cumulonimbus to the max

sometime soon
the afternoon monsoon
massy clouds will let go
feathered vapour becomes stun-gun
pelts — school-kids, nuns on bicycles, ponies and peonies heavy heads down
all us plain-living things — with life (L…I…F…E…)
gouts and over-spouts 
your embrace leaves me drenched
thunder down the hallway.  


Image: Margaret Barr’s “Strange Children” [ballet], 1955 / photographer unknown c/- State Library of NSW
Margaret Barr (29 November 1904 – 29 May 1991) was a choreographer and teacher of dance-drama who worked in the United States, England, New Zealand and Australia. During a career of more than sixty years, she created over eighty works.

A quadrille for Dverse where De is hosting and asks us to use the word ‘go’ in our 44 word poem.

And for those of you thawing out from too much winter, here’s Monsoon feat. Sheila Chandra from 1982 with Ever So Lonely

25 thoughts on “cumulonimbus to the max

  1. That’s a fantastic image and a perfectly crafted quadrille to accompany it Peter. I love the description of ‘ponies and peonies heavy heads down’ such a creative use of your 44 words!

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  2. Beautiful imagery, Peter! I like the ponies and peonies.

    And as an aside, it brings a fun memory. When our daughters were young, the word cumulonimbus sent them into uncontrollable laughter.

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  3. You capture the intensity of the monsoon season so well, the engendered passion, and the imagery of bowing your way through it! Love Sheila Chandra’s music — hadn’t heard it in quite a while. :>)

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  4. I appreciate everything being purposeful in your post. I like how the top image mirrors the (lovely) dancer in the video. Rain is one of those things that won’t be ignored and always brings things to life one way or another. I like the rhyming opener. Australia grows peonies? Rain does love to bow them down but it gets the ants who love them scurrying for cover. Great tune to go with the rich imagery of your “plain-living things.”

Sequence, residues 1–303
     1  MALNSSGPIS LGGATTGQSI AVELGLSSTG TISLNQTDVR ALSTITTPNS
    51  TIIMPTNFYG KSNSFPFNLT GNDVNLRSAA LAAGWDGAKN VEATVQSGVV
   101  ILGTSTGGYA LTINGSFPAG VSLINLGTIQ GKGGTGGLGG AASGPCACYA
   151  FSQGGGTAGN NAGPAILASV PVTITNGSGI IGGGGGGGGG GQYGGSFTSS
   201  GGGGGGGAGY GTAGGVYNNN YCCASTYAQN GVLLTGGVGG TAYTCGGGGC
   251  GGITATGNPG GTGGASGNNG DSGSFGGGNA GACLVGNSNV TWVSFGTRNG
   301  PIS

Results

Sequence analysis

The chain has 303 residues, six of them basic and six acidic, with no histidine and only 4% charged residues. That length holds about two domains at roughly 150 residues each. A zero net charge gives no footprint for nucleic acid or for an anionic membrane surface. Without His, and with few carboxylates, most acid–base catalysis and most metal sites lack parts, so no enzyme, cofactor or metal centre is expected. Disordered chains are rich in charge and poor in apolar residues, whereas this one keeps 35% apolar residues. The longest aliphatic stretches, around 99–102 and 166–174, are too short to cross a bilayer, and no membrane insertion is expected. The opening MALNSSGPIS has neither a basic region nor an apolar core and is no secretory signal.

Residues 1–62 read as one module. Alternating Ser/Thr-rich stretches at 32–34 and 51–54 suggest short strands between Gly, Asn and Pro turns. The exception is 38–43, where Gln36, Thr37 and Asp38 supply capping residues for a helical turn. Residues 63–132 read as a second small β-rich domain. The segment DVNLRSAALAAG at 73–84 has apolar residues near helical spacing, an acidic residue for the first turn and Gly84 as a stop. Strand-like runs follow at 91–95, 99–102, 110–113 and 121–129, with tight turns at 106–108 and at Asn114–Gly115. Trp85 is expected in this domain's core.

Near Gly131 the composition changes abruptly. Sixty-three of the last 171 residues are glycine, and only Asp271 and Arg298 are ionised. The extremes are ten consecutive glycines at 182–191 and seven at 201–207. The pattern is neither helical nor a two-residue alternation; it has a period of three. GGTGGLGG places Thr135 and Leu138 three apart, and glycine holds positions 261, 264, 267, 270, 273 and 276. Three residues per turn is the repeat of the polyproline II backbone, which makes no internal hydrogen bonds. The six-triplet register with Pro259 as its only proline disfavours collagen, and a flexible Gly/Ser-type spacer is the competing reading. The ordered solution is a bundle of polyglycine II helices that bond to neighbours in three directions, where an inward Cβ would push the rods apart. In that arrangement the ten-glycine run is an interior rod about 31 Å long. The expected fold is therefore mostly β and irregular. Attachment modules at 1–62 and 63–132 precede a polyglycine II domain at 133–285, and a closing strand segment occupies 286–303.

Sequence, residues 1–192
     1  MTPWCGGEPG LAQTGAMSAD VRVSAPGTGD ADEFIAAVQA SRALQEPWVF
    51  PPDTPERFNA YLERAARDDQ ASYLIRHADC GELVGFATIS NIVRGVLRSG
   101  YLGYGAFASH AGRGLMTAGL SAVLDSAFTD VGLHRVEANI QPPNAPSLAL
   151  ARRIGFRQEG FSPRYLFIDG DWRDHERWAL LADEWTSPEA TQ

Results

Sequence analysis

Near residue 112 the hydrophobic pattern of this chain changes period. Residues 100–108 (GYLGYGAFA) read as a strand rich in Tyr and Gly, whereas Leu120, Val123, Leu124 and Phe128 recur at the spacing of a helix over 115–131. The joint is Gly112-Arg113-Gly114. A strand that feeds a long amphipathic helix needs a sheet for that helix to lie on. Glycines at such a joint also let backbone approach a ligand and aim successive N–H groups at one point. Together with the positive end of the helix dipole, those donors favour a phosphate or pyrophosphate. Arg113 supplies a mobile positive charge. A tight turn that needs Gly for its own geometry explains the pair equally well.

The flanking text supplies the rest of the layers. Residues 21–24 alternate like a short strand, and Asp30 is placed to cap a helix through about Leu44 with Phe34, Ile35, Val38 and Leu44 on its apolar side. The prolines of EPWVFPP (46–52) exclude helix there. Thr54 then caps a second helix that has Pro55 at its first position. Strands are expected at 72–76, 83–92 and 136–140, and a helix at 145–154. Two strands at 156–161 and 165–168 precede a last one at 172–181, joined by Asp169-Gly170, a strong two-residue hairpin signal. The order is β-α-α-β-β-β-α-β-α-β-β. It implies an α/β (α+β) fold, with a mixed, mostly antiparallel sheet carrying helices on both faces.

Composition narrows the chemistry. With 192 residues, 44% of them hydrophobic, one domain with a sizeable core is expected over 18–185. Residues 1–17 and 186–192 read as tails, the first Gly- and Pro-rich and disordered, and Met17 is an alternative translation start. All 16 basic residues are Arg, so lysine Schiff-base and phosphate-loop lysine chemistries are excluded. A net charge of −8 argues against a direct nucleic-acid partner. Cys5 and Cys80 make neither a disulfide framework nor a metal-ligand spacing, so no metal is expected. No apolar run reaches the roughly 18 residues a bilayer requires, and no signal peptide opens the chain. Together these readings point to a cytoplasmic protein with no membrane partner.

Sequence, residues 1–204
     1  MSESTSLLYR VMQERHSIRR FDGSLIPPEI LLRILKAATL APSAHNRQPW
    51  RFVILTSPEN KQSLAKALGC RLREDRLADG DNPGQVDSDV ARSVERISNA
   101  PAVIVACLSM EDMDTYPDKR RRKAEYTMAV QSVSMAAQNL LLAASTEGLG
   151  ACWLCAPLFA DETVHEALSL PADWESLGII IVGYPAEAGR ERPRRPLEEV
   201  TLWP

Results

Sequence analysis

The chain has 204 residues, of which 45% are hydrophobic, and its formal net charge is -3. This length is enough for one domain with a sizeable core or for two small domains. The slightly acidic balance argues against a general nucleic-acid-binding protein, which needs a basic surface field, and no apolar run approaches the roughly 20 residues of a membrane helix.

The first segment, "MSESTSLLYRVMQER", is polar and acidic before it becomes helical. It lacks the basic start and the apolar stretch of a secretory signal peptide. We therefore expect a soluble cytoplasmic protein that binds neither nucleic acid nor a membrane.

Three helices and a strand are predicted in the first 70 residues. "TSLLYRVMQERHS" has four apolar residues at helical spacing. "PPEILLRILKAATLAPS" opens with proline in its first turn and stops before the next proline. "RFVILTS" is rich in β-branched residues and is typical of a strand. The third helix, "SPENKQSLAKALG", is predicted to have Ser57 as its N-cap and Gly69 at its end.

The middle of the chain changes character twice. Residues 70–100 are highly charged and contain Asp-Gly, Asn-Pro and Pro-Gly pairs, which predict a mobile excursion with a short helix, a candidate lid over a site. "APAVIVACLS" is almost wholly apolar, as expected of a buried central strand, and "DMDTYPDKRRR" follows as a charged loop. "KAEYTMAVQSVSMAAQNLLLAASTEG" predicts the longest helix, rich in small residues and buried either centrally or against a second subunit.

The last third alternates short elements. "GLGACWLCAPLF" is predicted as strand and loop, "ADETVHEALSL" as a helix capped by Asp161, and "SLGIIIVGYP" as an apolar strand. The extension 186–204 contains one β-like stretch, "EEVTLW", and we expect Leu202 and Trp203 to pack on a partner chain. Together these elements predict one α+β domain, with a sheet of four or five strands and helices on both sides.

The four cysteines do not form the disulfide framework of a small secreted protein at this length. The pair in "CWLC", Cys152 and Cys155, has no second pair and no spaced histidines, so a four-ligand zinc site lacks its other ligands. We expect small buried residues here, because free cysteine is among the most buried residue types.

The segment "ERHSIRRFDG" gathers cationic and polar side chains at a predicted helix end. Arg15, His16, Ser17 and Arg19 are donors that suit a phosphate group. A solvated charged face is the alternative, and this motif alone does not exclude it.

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  5. What an amazing photograph, Peter, to match a stunning quadrille! I love the movement and wetness of it, the image of the ‘ponies and peonies heavy heads down’ – ‘ponies’ is a letter short of being an anagram of ‘peonies’ – as well as the internal rhyme of ‘gouts and over-spouts’, and the thought of an embrace drenching a loved one.

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  6. This is absolutely gorgeous writing, Peter! I love; “school-kids, nuns on bicycles, ponies and peonies heavy heads down all us plain-living things.”💝💝

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  7. brilliant rendition of rain from cloud to stun gun and all of us who receive it – rushing and running and going for shelter helter-skelter – and then you change the tempo and mood in the final couplet as the personal comes to the fore and is blended with thunder

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  8. “peonies heavy heads down” … Oh no! Peonies are my favourite flowers. I managed to get my hands on a bouquet of wallflowers today, and oh what a glorious scent. The kitchen and dining room smell like spring.

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